New Delhi: In a major ruling, the Supreme Court on Friday stayed the execution of Nithari serial killer Surinder Koli till October 29, while also agreeing to hear his plea for reviewing the death sentence awarded to him for brutally murdering several young women and children in Noida.
The apex court bench said that the case will be taken up for hearing on October 28.
The development comes days after the highest court temporarily stayed Koli's execution in connection with the Nithari serial killings case. Koli had been convicted of sexually assaulting and brutally murdering a series of young women and children at a bungalow in Noida near Delhi.
In a midnight ruling on September 8, the Supreme Court stayed the execution of Koli by one week.
Chief justice designate HL Dattu passed the order staying Koli's execution on his appeal. While passing the ruling,
the apex court bench said that every death-row convict has the "fundamental right" to a fresh appeal in an open court.
Koli was represented by his lawyer, Indira Jaising. Koli was to be executed Monday at Meerut jail.
Koli's mercy petition was earlier rejected by President Pranab Mukherjee.
He was earlier transferred from the Dasna jail in Ghaziabad district to Meerut on September 4 for the execution of his death warrant issued by a CBI court.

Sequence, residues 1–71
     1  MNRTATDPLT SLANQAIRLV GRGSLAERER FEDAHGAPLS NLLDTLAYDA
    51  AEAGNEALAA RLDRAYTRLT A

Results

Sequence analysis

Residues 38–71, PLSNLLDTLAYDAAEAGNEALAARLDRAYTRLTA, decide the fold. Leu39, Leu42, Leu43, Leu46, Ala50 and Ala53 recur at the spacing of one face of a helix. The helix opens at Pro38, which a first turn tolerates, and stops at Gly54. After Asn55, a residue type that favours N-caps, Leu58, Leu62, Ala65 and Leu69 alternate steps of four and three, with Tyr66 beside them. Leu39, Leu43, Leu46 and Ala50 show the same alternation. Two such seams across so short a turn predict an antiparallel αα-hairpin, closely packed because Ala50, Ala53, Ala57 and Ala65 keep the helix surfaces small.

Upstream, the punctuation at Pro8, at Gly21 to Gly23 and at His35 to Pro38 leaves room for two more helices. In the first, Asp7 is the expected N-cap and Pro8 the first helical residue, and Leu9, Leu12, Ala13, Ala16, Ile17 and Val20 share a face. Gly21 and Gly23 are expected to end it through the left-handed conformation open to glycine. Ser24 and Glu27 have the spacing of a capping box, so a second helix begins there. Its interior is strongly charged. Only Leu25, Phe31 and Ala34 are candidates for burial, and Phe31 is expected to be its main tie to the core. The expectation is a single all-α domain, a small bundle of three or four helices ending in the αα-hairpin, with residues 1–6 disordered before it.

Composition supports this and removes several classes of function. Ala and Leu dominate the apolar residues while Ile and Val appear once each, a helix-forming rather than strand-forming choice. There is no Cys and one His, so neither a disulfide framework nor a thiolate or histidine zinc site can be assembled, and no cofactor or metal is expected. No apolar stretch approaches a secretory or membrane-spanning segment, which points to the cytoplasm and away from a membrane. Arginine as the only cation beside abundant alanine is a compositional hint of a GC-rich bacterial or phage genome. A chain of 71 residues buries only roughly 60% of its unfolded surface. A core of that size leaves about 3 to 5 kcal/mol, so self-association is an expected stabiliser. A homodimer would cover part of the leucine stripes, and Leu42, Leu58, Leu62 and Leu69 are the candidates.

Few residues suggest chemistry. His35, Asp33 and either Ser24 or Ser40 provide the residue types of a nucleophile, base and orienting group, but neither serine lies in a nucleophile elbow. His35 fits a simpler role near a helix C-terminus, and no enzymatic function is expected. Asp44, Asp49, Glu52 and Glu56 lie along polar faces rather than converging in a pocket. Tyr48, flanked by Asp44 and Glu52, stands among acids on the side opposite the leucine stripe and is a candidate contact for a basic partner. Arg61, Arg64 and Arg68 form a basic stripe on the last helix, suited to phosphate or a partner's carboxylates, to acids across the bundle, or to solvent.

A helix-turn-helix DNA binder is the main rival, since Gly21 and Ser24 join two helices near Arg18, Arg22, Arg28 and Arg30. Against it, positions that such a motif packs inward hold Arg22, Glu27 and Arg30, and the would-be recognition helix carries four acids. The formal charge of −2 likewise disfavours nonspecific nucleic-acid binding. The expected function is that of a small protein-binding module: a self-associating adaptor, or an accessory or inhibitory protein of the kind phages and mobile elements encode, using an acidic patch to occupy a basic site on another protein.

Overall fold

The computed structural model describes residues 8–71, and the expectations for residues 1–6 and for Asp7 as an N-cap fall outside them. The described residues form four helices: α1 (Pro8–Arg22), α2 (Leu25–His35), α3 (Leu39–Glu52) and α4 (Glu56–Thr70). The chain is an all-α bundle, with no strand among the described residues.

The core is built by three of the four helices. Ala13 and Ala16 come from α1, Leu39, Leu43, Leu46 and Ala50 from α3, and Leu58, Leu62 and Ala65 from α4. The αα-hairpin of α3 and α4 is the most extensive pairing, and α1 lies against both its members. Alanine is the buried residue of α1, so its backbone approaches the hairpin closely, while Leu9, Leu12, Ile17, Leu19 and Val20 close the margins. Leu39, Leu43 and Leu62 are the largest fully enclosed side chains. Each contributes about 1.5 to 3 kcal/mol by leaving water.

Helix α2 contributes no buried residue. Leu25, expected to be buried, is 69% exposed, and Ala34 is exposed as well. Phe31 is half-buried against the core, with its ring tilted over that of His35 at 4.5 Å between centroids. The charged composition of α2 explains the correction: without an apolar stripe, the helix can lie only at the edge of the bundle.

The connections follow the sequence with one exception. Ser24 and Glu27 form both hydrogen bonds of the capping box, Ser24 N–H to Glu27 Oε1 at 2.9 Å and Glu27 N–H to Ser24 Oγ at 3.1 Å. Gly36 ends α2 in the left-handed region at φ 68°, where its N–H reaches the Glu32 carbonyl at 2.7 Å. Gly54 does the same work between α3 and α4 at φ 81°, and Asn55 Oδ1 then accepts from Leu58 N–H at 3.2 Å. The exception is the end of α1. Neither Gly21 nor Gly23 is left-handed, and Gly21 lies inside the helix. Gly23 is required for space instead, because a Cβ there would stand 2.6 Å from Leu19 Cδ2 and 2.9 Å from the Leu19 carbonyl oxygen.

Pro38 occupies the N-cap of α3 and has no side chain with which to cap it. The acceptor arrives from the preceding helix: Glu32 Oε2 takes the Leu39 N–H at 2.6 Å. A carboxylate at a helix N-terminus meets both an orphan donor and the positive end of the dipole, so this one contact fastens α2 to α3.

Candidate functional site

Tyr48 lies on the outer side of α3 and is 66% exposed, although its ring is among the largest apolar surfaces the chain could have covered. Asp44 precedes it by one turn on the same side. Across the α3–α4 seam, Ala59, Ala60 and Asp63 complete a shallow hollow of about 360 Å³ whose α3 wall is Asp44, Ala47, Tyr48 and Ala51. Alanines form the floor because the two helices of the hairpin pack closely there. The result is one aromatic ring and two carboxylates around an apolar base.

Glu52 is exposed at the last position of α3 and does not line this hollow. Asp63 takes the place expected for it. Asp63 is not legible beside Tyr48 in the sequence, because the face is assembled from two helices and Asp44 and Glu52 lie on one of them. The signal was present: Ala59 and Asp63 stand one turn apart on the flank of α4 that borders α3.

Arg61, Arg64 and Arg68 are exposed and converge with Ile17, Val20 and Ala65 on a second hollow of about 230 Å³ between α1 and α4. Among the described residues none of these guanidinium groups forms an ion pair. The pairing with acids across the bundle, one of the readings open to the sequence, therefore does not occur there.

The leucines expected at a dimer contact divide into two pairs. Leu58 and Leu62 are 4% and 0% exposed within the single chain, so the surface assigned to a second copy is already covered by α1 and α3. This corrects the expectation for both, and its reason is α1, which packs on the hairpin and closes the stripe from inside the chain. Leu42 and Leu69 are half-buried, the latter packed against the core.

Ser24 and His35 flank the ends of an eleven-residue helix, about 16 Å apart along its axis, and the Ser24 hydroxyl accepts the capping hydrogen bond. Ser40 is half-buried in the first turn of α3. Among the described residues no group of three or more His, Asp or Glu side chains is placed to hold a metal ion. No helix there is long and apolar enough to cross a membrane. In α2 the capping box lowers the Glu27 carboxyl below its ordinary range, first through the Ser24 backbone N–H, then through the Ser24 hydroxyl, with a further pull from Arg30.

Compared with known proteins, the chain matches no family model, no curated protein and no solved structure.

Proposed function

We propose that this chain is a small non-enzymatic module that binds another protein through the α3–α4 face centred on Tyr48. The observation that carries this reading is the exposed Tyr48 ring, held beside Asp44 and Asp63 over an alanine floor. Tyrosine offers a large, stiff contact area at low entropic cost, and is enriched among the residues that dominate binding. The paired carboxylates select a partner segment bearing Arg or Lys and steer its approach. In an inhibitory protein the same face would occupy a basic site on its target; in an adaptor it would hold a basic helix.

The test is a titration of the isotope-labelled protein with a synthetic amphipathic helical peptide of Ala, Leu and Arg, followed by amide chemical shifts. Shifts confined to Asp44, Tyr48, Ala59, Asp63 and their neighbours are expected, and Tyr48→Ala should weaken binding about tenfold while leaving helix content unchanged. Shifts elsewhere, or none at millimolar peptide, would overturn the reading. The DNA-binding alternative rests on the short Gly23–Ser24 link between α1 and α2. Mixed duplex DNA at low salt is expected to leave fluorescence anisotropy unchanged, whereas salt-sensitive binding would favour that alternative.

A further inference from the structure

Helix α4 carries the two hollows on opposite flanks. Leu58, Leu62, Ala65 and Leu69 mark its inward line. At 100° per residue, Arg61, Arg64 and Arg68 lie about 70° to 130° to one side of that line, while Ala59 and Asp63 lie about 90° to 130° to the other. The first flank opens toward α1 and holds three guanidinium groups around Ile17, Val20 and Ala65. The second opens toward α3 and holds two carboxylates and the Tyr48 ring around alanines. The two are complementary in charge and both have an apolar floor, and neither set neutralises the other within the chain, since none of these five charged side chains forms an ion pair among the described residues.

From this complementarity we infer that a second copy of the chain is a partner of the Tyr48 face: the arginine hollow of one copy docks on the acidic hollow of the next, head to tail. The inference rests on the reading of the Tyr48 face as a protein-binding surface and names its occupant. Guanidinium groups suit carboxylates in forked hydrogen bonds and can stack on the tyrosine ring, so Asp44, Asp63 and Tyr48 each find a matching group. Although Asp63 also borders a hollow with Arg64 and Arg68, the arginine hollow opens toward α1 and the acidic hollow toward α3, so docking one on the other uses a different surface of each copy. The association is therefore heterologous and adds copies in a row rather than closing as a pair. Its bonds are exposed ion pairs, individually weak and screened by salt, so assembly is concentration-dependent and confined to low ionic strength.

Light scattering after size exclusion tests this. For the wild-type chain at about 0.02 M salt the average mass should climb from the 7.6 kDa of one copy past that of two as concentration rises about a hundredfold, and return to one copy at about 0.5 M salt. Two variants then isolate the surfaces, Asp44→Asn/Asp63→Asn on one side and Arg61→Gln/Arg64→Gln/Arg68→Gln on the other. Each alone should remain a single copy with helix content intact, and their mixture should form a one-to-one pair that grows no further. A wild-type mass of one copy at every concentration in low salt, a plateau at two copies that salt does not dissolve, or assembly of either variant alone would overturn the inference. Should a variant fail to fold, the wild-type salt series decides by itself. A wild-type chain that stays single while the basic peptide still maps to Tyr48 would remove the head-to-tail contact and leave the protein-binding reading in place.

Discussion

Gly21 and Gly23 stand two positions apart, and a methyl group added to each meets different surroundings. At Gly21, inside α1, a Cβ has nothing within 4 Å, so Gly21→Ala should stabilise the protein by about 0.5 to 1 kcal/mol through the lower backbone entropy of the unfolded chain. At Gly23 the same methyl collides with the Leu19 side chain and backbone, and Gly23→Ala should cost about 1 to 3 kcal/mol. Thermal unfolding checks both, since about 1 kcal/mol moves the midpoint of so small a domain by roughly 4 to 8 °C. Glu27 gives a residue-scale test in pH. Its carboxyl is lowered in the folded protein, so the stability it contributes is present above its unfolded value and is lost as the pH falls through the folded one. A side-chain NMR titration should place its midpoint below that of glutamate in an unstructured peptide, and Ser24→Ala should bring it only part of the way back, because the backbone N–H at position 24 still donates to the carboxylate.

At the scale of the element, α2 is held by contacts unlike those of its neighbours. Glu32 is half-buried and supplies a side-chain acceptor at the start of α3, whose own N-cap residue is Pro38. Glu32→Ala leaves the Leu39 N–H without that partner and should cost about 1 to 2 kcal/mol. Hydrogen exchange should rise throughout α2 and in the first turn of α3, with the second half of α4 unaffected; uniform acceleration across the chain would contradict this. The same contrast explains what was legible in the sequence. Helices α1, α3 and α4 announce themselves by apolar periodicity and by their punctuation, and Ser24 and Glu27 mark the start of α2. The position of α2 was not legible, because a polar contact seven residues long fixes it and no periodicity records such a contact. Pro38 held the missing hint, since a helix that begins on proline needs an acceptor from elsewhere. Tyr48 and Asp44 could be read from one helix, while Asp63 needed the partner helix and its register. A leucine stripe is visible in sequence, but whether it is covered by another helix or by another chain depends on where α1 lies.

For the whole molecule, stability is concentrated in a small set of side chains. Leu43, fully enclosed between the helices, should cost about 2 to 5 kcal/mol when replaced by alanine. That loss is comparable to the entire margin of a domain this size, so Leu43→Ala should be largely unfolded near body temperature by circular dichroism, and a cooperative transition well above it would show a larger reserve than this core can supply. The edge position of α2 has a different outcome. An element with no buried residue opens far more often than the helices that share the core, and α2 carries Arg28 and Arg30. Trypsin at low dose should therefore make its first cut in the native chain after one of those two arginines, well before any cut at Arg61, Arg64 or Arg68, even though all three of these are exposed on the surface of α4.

The Central Bureau of Investigation (CBI) court in Ghaziabad issued a death warrant to Koli after his mercy petition was rejected by the President.
Koli was shifted to Meerut because of the absence of hanging facilities in Dasna.
He was convicted for the murder of Rimpa Halder who went missing in Noida in December 2006. After a police investigation, she was found to have been murdered by Koli.
During the probe, the skeletal remains of many other children were recovered from a drain adjacent to a bungalow in Nithari, an area in Noida where Koli worked as domestic help for businessman Moninder Singh Pandher.
Both Koli and Pandher were sentenced to death, but later the Allahabad High Court acquitted Pandher and upheld Koli's death sentence.
Koli's sentence was then upheld by the Supreme Court.